If your business is selling retail items, you no doubt have seen the figures that create links between customer satisfaction and loyalty.
But what about employee loyalty? What about the measurements you use to test how loyal your staff are to your company? This interesting quote by Frederick Reichheld compares the relationship between employee loyalty and customer loyalty…
“We found that there was a cause-and-effect relationship between the two; that it was impossible to maintain a loyal customer base without a base of loyal employees; and that the best employees prefer to work for companies that deliver the kind of superior value that builds customer loyalty… building loyalty has in fact become the acid test of leadership.”
Read that last sentence again…he claims that the acid test of leadership is building the loyalty of your staff to your company. Food for thought, eh?
When you think that a “totally satisfied” customer contributes 2.6 times as much revenue as a “somewhat satisfied” customer, it must be worth your while identifying not only what makes people loyal to your business, but also what you can do to build loyalty within your team.
So, how do you keep employees loyal? Real improvements in customer service start with providing superior service and support to the employees themselves. It’s a win/win situation. Treat your employees like royalty, and they’ll treat your customers the same. But treat your employees like dirt, and you can imagine how that message will be passed on to the customer base.
Here are some examples of the research showing the connection between internal and external service:
• The best predictor of customer satisfaction among workplace attributes is what Vanderbilt professor Roland Rust calls service climate: “those attributes of overall workplace climate that characterise how well equipped employees are to deliver customer service, such as the adequacy of resources and equipment and job skills development.”
• For every one percent increase in internal service climate there is a two percent increase in revenue.
• In cardiac care units where nurses’ moods were depressed, patient death rates were four times higher than in comparable units.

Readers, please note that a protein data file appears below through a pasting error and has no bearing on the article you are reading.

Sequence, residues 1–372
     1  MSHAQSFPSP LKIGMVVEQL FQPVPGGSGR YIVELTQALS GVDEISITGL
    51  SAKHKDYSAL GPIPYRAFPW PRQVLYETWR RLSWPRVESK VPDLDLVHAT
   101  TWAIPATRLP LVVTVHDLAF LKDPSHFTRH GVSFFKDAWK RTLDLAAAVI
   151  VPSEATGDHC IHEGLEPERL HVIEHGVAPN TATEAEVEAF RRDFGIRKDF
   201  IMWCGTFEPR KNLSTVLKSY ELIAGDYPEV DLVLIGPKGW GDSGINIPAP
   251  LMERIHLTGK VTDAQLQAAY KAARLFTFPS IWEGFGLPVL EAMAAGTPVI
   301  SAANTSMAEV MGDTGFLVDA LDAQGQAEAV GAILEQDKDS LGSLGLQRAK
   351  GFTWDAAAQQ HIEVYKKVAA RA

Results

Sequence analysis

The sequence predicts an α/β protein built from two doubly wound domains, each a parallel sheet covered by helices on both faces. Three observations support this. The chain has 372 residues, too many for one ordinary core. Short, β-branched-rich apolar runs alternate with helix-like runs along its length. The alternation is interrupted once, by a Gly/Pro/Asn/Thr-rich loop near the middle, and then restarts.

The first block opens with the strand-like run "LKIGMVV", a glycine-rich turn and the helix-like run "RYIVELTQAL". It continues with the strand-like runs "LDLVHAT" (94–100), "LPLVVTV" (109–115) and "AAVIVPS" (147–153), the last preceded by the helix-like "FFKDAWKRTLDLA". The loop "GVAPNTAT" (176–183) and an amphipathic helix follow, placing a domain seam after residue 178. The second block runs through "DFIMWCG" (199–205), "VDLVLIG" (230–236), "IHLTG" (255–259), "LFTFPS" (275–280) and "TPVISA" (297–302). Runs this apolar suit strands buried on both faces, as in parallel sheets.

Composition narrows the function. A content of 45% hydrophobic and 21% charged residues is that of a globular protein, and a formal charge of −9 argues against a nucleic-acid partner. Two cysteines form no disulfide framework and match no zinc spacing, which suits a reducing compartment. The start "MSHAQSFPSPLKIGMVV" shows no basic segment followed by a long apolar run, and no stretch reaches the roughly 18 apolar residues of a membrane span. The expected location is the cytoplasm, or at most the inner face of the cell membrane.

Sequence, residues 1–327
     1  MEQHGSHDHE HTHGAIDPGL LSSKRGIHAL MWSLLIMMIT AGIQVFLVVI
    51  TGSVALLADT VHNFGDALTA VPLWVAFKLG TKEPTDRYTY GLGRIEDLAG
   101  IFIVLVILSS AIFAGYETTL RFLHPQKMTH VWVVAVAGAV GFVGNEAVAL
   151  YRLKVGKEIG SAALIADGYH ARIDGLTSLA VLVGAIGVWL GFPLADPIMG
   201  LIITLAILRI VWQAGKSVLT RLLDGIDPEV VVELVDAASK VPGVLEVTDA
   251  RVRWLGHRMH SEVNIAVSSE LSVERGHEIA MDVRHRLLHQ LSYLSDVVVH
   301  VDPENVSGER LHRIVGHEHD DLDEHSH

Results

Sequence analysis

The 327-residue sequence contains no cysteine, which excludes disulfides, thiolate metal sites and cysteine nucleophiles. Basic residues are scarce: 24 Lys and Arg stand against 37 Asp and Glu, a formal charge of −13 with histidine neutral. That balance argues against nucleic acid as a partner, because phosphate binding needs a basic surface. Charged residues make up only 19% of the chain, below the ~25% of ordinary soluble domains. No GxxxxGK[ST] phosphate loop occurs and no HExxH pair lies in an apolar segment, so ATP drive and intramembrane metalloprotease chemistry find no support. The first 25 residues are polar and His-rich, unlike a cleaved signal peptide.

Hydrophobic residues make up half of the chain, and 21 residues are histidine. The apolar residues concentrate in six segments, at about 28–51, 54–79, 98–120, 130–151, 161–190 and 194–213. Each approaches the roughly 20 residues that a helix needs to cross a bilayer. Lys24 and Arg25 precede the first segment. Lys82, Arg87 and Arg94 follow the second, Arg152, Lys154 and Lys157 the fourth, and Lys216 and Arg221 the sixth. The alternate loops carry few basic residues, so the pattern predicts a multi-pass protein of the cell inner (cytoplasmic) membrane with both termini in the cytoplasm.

• Cornell’s School of Hotel Administration found that employees’ emotional commitment and sense of identity with the company is a key factor in providing excellent service.
• A study of call-centres found that “satisfied call-centre employees make for satisfied and loyal customers… customers decide whether or not to make future purchasing decisions with a company, or to recommend its services to others, as a direct result of their experiences with a call-centre rep… key indicators of call-center representative satisfaction include relationships with co-workers and management, job challenges, and frequency of development or training opportunities… sense of pride with their job and within the overall company.”
Interesting findings. And it all goes to show that a company’s external customer service is only as strong as the company’s internal leadership, and the culture of commitment that this leadership creates. It really is all up to you as leader in retail environments. If you want loyal customers, make sure you have loyal employees.
Mark Williams is a learning and development professional, using business psychology and multiple intelligences to create fascinating and quickly-identifiable learning initiatives in the real-world business setting. Mark’s role at MTD is to ensure that our training is leading edge, and works closely with our trainers to develop the best learning experiences for all people on learning programmes. Mark designs and delivers training programmes for businesses both small and large and strives to ensure that MTD’s clients are receiving the very best training, support and services that will really make a difference to their business.